Catch Rates with Variable Strength Circle Hooks in the Hawaii-Based Tuna Longline Fishery

Bigelow KA, Kerstetter DW, Dancho MG, Marchetti JA (2012) Catch Rates with Variable Strength Circle Hooks in the Hawaii-Based Tuna Longline Fishery. Mar Sci Bull 88:425–447. doi: 10.5343/bms.2011.1052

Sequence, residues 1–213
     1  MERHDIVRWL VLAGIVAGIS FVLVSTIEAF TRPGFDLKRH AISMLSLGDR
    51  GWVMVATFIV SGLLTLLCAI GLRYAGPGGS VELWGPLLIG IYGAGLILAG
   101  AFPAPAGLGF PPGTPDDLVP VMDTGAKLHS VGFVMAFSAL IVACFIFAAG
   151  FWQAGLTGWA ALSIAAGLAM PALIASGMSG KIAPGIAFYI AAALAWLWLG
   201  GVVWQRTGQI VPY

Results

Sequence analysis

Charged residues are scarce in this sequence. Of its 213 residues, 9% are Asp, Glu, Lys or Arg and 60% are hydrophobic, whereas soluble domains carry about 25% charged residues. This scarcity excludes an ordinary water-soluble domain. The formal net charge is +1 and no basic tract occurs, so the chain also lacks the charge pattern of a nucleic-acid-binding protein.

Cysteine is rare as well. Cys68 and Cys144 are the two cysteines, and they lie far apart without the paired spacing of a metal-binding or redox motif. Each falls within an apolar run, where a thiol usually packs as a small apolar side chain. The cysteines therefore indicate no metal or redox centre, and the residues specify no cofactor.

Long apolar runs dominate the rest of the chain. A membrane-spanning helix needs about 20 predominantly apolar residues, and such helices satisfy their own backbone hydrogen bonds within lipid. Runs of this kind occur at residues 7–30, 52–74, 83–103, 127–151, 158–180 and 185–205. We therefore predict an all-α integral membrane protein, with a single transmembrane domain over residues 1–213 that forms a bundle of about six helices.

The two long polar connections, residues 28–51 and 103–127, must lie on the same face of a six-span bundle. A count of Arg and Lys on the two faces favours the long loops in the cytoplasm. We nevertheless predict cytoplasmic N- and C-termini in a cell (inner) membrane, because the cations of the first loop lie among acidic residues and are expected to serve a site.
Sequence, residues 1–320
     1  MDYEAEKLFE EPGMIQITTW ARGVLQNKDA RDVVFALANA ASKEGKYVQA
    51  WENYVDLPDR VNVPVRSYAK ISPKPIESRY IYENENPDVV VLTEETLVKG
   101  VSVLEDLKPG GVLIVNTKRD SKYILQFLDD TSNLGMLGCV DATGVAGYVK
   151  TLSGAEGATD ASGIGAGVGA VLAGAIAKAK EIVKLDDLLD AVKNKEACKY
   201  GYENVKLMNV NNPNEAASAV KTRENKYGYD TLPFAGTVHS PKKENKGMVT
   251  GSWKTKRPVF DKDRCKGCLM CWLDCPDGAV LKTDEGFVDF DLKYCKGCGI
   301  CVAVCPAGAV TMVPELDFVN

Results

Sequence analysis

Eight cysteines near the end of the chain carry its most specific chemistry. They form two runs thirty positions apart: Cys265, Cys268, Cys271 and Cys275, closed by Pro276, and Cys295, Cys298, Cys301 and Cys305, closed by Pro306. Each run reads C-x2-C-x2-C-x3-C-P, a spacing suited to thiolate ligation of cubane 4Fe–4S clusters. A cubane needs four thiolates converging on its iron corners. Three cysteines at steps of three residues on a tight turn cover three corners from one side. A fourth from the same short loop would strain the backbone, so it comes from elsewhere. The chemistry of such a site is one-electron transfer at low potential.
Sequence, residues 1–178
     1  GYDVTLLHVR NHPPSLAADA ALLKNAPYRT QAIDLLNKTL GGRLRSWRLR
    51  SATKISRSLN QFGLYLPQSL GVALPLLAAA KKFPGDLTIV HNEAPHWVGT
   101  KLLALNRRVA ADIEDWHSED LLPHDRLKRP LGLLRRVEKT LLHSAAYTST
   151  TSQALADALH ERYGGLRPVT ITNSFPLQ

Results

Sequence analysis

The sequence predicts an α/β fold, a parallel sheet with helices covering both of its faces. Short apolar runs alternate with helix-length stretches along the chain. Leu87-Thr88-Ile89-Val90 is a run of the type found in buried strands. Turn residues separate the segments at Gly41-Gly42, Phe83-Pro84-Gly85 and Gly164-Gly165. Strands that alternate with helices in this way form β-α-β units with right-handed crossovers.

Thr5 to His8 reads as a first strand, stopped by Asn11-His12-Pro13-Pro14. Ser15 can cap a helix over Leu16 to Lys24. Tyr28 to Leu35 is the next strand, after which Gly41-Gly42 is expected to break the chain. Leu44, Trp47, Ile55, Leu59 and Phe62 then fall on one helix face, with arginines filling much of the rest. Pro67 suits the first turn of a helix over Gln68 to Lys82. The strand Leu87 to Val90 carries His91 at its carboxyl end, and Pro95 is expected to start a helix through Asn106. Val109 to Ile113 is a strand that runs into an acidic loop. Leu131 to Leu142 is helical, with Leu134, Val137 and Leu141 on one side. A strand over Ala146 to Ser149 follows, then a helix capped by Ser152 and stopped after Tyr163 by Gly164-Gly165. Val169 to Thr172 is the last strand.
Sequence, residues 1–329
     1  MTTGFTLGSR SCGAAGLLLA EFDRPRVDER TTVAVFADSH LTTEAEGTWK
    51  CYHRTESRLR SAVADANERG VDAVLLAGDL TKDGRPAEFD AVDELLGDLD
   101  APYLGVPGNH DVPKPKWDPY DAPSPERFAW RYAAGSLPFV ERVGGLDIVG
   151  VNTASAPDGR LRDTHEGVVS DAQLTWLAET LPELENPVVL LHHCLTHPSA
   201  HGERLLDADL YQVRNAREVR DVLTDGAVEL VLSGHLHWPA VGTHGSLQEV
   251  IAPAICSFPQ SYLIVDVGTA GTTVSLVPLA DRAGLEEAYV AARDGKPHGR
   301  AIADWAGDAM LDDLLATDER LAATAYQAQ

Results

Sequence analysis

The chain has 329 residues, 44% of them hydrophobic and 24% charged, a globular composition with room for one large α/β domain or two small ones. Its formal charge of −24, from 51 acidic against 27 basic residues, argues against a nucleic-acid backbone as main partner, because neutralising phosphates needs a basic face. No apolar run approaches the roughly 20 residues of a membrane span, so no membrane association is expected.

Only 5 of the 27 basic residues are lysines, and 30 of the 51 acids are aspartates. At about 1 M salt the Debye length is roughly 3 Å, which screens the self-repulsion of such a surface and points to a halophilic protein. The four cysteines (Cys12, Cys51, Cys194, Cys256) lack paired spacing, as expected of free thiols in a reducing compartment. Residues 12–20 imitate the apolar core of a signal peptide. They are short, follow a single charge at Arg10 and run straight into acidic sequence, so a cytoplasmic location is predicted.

The Hawaii-based deep-set tuna longline fleet targets bigeye tuna (Thunnus obesus) and infrequently takes false killer whales (FKW, Pseudorca crassidens) in inicdental catch. In the most recent five years (2004-2008), with 20-26% observer coverage, nine mortalities and serious injuries of pelagic FKW were documented in the deep-set longline fishery in the Hawaii exclusive economic zone, yielding mean take estimates of 7.3 animals per year. Weak hook technology can utilize the size disparity between target and other species to promote the release of larger non-target species. Four vessels tested the catch efficacy and size selectivity of 15/0 "strong" circle hooks (4.5 mm wire diameter) that straighten at 303 lb (138 kg) of pull in comparison with 15/0 "weak" (4.0 mm wire diameter) that straighten at 205 lb (93 kg) of pull. Vessels alternated hook types throughout the lonline gear and maintained a 1:1 ratio of strong and weak hooks. Observers monitored a total of 127 sets of 302,739 hooks, and randomisation tests were applied to test for significant differences in catch by hook type for 22 individual species. There were no significant catch differences among hook types for bigeye tuna; however there may be limitations to these statistical inferences because longline trials were not conducted during spring when larger bigeye tuna are available to the fishery. There were no significant differences in mean length of 15 species among hook comparisons. Observers collected 76 straightened hooks, of which 6 were control and 70 were weak hooks. There was one observation of the false killer whale released from a stronger circle hook, thereby reducing the potential for serious injury. Overall there was no statistical reduction in catch rates of bycatch species.